Even if a vishal Ram mandir is never built at the Ayodhya site, it does not matter anymore. A museum can become something more powerful. A museum will fortify the politics like nothing else. A museum is a place that even non-believers will visit; school children can be herded into groups for field visits; foreign tourists will come to encounter the power of collective memory of Hindus. Most importantly, a museum can cleverly fudge the lines between hard history and soft faith. It all depends on how it is curated, how the exhibits are developed.

The museum will be completed in 18 months and is part of the grand Ramayana Circuit that the government has approved with a large budget of Rs 225 crore – similar to the Buddhist trail for tourists that UPA government introduced.

Museums are effective tools – around the world – whenever history is on trial.

During Atal Bihari Vajpayee’s government, the National Museum in New Delhi became a site for contestation when the text panels, brochures and banners were changed. The Indus Valley Civilisation was now renamed as Indus-Saraswati civilisation. Critics said Harappan “fire pits” from Lothal, Kalibanga and Banawali were now renamed as “fire altars”; terracotta spindle-like objects and human figurines from Kalibanga were described as Shiva Linga and yogic postures.

The proposed Ramayana Museum isn’t the first time we have thought of mixing religion and museum in India. We do, after all, have a small government-run museum at the other temple-mosque site of Somnath temple, modest and unimaginative as it may be. There is the popular SriKrishna Museum in Kurukshetra, Haryana. There is a small exhibition with animatronic figures inside the private ISKCON temple in New Delhi. There is also the privately run Akshardham museum inside the temple complex in New Delhi – where exquisite exhibitry allows you to paper over somewhat dodgy historiography.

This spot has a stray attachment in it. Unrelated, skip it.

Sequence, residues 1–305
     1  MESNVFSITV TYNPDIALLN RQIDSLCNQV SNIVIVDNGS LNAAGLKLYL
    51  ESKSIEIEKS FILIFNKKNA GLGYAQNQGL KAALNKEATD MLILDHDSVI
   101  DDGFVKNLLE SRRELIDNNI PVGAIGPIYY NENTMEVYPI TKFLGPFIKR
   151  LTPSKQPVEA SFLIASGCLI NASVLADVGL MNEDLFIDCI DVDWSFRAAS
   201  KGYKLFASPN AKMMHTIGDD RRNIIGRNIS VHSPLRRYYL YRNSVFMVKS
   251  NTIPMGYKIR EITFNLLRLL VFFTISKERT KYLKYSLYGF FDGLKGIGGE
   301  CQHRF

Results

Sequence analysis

There is still some confusion in the public mind about whether a museum that displays religious sculptures should be regarded as sacred or secular place. For instance, many staffers at the National Museum in Delhi still place flowers reverentially or touch the feet of the large Vishnu sculpture on display before they enter. The museum administration placed a wooden barrier around the sculpture, but that has not deterred the practice. The museum cafeteria serves only vegetarian food. Similarly, many people touch the threshold of the SriKrishna Museum before they enter.

Will a Ramayana Museum become a semi-sacred, pilgrimage site as well – at least until the temple is built? After all, Indians used to garland the TV set in villages when the dramatised Sunday series was aired.

But ultimately, the Ramayana Museum will be judged by not what it includes, but by what it excludes. History is fluid, so is faith. Will the museum include other versions of the epic – prevalent in different regions and communities across the country – or will it only portray the one that is politically convenient and beneficial?

If the state museum is not elastic enough in its story, all is not lost. There is still room for cultural and political subversion.

Perhaps, in some years from now, there can be a non-government community-curated museum in Ayodhya that tells the story of parallel Ramayanas, and may be another about the political history of the temple-mosque site. Museums, after all, are safe spaces for unsafe ideas.

The idea of a museum in Ayodhya is a potent tool – no matter who wields it.

Rama Lakshmi is Editor, Opinion & Social Media, at ThePrint. You can follow her on Twitter @RamaNewDelhi